Hitchens also gave a list of evils committed by the church over the centuries, including the Crusades, the sacking of Constantinople, the Inquisition, and the torture and murder of scientists and protestants. He laid the responsibility for the Holocaust at the Church’s door, which he claims was made possible by role in inciting hatred of Jews over the centuries: “That the church taught that the Jewish people were collectively responsible for the death of Christ until 1964, twenty years after the Nuremberg trials, may or may not have had something to do with the availability of a reservoir of hate to tap into in Germany, Poland, Austria, Spain, Italy and elsewhere.”

Widdecombe gave a spirited defence, protesting at Hitchens’s exaggerations about the Church’s responsibility for inciting genocide in Rwanda, and highlighting the great risks taken by Catholic priests and nuns across Europe in protecting the Jews during the war.

She stated that, because so little was known about paedophilia even until a few decades ago, when magistrates awarded sentences of a few months in prison until as late as the 1990s. It was thought people who abused would simply stop, she claimed. On charity, she added: “Billions of pounds each year are poured into overseas aid by Catholics, more than any other single nation for medicine and education. Imagine the absence of those collections.”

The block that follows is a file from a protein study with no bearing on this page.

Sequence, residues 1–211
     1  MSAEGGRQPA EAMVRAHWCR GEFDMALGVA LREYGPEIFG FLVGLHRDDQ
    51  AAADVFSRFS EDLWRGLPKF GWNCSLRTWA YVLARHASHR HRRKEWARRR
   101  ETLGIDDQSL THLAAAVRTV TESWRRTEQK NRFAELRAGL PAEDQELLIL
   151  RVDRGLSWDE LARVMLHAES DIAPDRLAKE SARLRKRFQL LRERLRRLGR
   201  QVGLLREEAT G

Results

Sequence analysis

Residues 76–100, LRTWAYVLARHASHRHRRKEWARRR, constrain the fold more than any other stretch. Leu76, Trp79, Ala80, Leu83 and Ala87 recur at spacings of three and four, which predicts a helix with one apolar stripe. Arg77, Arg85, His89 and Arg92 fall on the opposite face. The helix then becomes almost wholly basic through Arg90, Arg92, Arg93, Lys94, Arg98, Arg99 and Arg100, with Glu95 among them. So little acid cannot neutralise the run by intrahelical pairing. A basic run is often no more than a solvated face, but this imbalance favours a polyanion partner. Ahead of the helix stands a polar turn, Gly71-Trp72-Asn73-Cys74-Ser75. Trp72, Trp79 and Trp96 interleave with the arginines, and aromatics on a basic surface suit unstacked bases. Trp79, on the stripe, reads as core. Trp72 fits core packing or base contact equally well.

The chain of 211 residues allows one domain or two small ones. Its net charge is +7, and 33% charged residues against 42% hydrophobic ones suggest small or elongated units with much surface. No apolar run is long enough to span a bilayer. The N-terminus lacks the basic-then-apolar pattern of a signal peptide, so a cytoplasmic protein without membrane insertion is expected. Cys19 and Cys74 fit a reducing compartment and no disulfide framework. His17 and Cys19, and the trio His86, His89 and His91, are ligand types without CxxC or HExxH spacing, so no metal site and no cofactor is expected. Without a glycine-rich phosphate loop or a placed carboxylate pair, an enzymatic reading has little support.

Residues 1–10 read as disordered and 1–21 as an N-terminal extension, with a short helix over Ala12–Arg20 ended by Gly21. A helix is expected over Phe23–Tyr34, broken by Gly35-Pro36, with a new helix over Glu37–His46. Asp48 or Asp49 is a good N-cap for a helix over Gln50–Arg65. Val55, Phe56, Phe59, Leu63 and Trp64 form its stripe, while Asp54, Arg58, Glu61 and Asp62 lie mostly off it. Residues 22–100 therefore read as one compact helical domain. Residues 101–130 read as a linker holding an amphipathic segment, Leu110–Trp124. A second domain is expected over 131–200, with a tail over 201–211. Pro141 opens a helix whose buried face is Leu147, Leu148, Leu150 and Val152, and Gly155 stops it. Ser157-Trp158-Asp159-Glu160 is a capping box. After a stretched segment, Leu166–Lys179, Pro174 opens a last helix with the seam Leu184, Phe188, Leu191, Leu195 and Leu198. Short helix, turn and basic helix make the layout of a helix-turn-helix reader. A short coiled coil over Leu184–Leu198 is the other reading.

Irritated by the focus of the debate on sex and condoms, she claimed: “The church is about hope and salvation. And it is intellectual arrogance to say people around the world can simply live without that. People are trying their hardest to live by Christ’s message; by the commandments, by the interpretation of those commandments. Sometimes they don’t quite manage. It would be a poorer, more hopeless place without it for many.”

She maintained that it was the church’s critics who were obsessed with sex, and that condoms have been ineffective in tackling AIDS in Africa.

While forthright in his condemnation for the church, Stephen Fry first emphasised the importance of showing solidarity with the religious believer: “I do not want to express any contempt towards any individuals of that church. They are welcome to their sacraments to their faith and the importance and the joy they receive from it. This joy is sacrosanct to anyone, of any church in the world. It is important as I also happen to have my own beliefs, in the eternal nature of trying to discover more truth in the world. It is an empirical fight that began with the Enlightenment, and there is nothing the Catholic Church likes to do more, than attack it.”

The latter was a reference to the torture of Galileo, who was famously forced to recant his beliefs about the Earth revolving around the sun, to avoid being burned at the stake. The Vatican finally decided he was right after all, in 1992.